Significance of overall concurrent chemoradiotherapy duration on survival outcomes of stage IIIB/C non-small-cell lung carcinoma patients: Analysis of 956 patients
Besen, Ali Ayberk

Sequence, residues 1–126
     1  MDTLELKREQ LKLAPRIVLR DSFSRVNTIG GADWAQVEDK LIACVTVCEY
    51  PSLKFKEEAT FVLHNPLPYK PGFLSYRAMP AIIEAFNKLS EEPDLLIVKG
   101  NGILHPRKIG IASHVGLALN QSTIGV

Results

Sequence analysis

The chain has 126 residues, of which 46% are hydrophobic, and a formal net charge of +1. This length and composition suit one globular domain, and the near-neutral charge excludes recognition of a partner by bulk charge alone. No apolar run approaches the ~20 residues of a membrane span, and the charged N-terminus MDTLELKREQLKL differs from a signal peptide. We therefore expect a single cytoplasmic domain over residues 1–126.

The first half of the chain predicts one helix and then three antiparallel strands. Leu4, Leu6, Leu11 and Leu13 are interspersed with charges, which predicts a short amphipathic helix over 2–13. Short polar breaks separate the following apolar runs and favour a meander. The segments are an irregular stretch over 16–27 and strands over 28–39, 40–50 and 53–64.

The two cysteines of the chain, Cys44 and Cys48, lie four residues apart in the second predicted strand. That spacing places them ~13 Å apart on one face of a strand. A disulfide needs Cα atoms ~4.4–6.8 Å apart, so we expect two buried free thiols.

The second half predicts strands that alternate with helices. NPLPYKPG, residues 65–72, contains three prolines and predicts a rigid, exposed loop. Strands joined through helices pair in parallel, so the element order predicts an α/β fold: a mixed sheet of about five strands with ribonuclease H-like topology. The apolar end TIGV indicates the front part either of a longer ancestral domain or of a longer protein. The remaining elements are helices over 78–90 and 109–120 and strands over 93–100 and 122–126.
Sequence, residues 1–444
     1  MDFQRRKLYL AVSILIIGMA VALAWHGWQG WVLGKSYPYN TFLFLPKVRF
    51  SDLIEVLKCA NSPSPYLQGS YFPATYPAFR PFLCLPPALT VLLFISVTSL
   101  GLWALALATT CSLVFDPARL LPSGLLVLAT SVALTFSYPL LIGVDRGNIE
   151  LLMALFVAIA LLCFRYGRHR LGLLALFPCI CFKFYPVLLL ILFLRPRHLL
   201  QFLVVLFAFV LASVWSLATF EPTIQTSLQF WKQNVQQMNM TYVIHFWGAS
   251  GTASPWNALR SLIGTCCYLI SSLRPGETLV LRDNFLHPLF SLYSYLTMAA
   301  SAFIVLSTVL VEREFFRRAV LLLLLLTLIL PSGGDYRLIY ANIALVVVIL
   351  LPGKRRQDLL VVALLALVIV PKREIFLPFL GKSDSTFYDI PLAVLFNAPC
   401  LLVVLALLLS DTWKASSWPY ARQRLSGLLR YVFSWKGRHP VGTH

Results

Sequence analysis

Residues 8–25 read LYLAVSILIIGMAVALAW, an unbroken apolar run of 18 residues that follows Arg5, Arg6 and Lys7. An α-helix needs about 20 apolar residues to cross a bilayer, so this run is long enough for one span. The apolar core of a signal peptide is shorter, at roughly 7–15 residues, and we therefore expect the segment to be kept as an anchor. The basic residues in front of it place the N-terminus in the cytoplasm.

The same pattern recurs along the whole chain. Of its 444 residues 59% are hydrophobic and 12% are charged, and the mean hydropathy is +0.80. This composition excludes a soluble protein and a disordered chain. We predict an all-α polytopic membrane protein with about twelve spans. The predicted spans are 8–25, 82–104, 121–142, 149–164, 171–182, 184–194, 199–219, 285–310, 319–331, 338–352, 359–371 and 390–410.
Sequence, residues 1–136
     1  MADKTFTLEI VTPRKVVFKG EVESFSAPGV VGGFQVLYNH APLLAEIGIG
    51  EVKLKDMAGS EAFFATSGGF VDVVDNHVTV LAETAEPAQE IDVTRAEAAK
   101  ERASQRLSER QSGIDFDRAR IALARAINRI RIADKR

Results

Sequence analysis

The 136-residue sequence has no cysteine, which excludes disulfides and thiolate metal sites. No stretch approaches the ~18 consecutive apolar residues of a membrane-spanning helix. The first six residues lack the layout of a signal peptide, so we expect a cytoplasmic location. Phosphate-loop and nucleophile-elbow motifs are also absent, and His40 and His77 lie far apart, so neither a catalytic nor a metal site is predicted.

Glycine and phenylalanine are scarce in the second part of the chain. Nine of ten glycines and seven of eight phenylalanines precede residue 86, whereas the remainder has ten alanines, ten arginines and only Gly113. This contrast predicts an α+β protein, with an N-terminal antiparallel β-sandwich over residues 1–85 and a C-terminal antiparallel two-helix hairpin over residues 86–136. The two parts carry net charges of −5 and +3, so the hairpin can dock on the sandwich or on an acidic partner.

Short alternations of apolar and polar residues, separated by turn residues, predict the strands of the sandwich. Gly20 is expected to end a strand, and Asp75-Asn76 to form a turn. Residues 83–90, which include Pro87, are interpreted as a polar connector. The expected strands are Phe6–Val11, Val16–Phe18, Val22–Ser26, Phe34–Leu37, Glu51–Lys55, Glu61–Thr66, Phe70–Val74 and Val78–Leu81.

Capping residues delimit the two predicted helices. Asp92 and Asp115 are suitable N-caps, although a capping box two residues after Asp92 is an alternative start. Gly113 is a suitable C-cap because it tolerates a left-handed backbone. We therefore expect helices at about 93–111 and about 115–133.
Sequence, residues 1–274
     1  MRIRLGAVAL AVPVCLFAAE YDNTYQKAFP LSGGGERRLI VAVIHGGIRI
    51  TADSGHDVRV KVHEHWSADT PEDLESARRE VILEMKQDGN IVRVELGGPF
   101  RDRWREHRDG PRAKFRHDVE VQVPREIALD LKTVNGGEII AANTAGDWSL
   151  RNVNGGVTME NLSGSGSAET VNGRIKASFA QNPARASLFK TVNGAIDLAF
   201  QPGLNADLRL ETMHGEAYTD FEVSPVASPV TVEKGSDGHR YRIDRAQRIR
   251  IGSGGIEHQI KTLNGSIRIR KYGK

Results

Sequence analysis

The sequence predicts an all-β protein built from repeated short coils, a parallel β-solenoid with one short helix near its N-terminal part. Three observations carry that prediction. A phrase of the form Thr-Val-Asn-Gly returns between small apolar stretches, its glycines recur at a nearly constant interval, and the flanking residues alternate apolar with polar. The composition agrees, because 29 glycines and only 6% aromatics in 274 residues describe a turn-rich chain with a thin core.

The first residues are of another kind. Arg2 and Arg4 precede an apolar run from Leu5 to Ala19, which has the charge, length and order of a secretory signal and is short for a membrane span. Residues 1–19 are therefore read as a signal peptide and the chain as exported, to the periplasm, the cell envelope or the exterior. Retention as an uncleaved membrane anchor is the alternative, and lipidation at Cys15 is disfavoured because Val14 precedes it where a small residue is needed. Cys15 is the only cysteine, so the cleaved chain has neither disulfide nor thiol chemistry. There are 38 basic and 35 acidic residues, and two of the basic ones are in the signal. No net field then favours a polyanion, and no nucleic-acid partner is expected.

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Background To investigate the detrimental effects of prolonged overall radiotherapy duration (ORTD) on survival outcomes of stage IIIB/C NSCLC patients treated with concurrent chemoradiotherapy (C-CRT) Methods The study cohort consisted of 956 patients who underwent C-CRT for stage IIIB/C NSCLC. Primary endpoint was the association between the ORTD and overall survival (OS) with locoregional progression-free survival (LRPFS) and PFS comprising the secondary endpoints. Receiver operating characteristic (ROC) curve analysis was utilized for accessibility of the cut-off that interacts with survival outcomes. Multivariate Cox model was utilized to identify the independent associates of survival outcomes. Results The ROC curve analysis exhibited significance at 49 days of ORTD cut-off that dichotomized patients into ORTD<50 versus ORTD >= 50 days groups for OS [area under the curve (AUC): 82.8%; sensitivity: 81.1%; specificity: 74.8%], LRPFS (AUC: 91.9%; sensitivity: 90.6%; specificity: 76.3%), and PFS (AUC: 76.1%; sensitivity: 72.4%; specificity: 68.2%), respectively. Accordingly, ORTD >= 50 days group had significantly shorter median OS (P<0.001), LRPFS (P<0.001), and PFS (P<0.001); and 10-year actuarial locoregional control (P<0.001) and distant metastases-free (P<0.011) rates than the ORTD<50 days group. The ORTD retained its significant association with survival outcomes at multivariate analyses independent of the other favorable covariates (p<0.001, for OS, LRPFS, and PFS): Stage IIIB disease (versus IIIC), lymph node bulk <2 cm (versus >= 2 cm), and 2-3 chemotherapy cycles (versus 1). The higher sensitivity for LRPFS (90.6%) than PFS (72.4%) on ROC curve analysis suggested the prolonged ORTD-induced decrements in locoregional control rates as the major cause of the poor survival outcomes. Conclusions Longer ORTD beyond >= 50 days was associated with significantly poorer OS, LRPFS and PFS outcomes, where reduced locoregional control rates appeared to be the main causative.